Phobjikha, at an altitude of 2900 m, falls under the district of Wangdue, Bhutan, and lies on the periphery of the Black Mountain National Park. The valley boasts two beautiful meandering rivers, Nakay Chhu (Chhu Naap-black water) and Gay Chhu (Chhu Karp-white water). According to a local legend, the two rivers actually represent a snake and a boar. The two animals once raced each other with an agreement that if the snake (Nakay Chhu) won, Phobjikha valley would be able to grow rice, but if the boar won, then rice could never be cultivated in the area. The snake lost since it had to meander all the way during its journey. Rice cannot be cultivated in the valley even today.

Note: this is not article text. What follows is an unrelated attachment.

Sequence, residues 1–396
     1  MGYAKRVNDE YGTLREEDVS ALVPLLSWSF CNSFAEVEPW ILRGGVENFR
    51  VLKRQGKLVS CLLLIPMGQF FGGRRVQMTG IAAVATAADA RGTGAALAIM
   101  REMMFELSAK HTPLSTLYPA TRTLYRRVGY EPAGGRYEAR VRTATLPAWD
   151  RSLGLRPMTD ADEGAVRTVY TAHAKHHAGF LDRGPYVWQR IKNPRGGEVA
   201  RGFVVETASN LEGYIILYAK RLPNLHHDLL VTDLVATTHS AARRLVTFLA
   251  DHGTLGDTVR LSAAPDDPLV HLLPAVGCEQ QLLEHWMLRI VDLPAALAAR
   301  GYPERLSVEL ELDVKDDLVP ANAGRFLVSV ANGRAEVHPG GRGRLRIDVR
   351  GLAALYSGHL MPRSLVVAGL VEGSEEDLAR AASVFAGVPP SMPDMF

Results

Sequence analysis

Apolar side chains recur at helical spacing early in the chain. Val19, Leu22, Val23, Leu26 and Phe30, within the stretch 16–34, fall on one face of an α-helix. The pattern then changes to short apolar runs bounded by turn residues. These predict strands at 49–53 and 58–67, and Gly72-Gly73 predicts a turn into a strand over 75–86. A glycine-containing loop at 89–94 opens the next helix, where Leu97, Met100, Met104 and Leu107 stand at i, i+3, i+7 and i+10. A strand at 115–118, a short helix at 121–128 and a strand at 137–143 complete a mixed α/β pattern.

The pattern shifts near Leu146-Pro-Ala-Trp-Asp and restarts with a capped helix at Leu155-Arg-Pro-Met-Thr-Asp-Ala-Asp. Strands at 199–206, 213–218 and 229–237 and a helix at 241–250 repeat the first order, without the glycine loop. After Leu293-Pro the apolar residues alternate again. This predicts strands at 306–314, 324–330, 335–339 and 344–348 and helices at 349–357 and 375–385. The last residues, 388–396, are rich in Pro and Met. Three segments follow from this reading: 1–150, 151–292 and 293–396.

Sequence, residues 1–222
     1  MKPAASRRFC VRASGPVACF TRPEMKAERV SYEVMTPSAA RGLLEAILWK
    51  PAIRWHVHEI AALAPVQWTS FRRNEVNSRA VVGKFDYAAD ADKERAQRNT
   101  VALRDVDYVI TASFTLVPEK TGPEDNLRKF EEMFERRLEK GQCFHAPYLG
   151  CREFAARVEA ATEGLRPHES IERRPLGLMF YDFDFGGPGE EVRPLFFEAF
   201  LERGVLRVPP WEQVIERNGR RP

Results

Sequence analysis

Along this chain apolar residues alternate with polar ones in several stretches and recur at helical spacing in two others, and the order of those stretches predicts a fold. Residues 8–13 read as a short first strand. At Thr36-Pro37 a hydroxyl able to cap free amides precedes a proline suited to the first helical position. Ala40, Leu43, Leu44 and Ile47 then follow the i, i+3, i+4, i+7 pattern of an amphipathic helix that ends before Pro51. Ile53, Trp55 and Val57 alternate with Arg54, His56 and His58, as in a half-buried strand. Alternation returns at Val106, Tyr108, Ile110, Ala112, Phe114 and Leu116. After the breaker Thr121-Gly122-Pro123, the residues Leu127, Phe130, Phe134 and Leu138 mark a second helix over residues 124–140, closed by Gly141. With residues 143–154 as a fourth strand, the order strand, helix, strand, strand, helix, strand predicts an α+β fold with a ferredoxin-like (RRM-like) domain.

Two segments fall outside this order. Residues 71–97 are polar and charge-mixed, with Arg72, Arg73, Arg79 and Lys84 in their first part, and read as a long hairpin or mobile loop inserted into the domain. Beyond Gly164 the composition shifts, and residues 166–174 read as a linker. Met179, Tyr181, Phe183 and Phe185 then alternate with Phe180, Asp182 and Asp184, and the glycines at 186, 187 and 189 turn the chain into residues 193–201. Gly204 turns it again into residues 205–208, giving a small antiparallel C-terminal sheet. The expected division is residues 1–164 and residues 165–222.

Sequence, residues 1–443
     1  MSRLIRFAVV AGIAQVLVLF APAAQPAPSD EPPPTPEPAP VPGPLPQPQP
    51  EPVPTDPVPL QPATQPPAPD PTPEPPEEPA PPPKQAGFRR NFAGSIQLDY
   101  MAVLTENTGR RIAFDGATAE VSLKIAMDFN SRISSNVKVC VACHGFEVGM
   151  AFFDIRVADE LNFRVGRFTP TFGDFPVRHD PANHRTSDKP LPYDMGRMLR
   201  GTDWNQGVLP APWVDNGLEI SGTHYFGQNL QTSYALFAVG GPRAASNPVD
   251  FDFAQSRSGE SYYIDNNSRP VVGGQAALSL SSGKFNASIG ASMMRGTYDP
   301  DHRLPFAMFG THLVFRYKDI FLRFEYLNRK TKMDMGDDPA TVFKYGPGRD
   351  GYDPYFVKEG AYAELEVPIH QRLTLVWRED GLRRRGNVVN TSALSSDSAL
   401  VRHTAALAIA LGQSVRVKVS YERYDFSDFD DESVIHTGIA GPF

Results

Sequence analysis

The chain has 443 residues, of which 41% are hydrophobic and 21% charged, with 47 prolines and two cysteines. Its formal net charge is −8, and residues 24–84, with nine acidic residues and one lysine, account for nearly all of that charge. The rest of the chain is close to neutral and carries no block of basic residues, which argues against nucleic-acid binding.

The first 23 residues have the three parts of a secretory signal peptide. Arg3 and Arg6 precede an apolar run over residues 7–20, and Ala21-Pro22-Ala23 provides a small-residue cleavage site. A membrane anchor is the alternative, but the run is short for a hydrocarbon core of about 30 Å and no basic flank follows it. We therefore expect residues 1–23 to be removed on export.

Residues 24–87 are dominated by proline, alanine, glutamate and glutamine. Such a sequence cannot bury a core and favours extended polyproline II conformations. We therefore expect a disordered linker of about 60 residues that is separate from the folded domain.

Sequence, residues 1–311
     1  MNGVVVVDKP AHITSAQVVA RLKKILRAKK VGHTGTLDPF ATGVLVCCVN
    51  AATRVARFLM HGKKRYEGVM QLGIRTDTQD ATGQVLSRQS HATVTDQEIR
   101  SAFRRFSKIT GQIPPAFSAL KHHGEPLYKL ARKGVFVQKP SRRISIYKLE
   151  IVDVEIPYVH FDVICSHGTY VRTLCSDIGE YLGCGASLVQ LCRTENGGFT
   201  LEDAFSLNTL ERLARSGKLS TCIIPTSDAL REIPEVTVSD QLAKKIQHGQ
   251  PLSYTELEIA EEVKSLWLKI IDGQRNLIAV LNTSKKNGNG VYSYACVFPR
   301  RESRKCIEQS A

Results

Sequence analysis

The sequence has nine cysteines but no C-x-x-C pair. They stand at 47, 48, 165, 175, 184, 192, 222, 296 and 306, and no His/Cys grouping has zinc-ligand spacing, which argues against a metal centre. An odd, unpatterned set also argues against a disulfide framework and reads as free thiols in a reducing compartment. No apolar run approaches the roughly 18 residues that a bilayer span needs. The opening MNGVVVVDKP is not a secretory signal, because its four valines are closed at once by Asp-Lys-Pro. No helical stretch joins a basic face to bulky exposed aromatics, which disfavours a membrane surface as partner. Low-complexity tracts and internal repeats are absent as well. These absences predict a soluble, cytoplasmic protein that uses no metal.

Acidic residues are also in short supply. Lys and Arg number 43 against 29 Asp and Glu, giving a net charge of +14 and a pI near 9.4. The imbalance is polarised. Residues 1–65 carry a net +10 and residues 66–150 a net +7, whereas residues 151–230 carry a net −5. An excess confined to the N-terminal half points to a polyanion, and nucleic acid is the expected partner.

Population: Approx. 4500
Languages Spoken: Henke (Local dialect)
Religion: Buddhism

Phobjikha consists of mainly three geogs (administrative blocks), Gangtey, Phobjikha and Bjena and a few households from Sephu and Ada geogs

The residents of Gangtey geog are known as Gangteps. They migrate to lower altitudes during winter and return to Phobjikha in the spring. Most of the households have land holding and houses at lower altitudes where they cultivate rice.

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